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Violence Erupts in Birmingham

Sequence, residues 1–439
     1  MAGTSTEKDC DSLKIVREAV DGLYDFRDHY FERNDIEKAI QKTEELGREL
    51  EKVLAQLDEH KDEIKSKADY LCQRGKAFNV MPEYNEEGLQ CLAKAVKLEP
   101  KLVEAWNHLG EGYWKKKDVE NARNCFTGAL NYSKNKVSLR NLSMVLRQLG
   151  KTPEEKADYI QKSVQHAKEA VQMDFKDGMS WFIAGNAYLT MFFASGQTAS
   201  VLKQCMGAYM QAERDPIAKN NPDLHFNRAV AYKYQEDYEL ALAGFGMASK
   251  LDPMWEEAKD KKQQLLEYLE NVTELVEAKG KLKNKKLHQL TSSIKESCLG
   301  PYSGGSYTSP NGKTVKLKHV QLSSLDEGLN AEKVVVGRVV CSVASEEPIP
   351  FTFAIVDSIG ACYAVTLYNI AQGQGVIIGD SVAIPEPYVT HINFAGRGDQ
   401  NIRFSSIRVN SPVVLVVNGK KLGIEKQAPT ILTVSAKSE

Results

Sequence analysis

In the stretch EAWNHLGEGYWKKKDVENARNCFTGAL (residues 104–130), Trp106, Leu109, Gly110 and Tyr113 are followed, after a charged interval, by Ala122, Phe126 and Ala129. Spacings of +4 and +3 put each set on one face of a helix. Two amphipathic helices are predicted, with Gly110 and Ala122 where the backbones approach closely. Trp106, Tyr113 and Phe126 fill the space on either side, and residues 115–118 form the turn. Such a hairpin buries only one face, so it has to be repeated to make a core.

Apr. 14, 1963 - Negroes protesting the arrest of leaders of an attempted march in Birmingham, Alabama hurled rocks at policemen today. Several Negroes were clubbed as the police tried to hold in check a crowd of about 2,000. It was the most serious incident since the beginning of a direct-action campaign against segregation that began 12 days ago. The outbreak took place in the center of a large Negro district. It began when a line of marchers, led by the Rev. A.E. King, exited a church and started in the general direction of the South Side jail. The Reverend’s brother, Dr. Martin Luther King, has been held there since Friday. The marchers were ultimately intercepted by police. Thirty-two persons were arrested. There was a delay in the arrival of patrol wagons, which permitted hundreds of Negroes who had been gathered near the church to reach the scene. Angry shouts arose from the crowd, but it was not until the patrol wagons had driven away with prisoners that rocks were hurled. A Negro woman was pulled out of the crowd by a policeman. She began screaming as she was carried toward a patrol car. Then came a barrage of rocks. No policeman seemed to have been hit, but a large rock shattered the windshield of a police motorcycle. As police moved toward the rock-throwers, a young Negro started running across the street. He was caught, clubbed to the ground, and held there by several officers. The force of about 50 officers, most on foot, had difficulty restraining the crowds, which jammed the sidewalks and spilled into the street.

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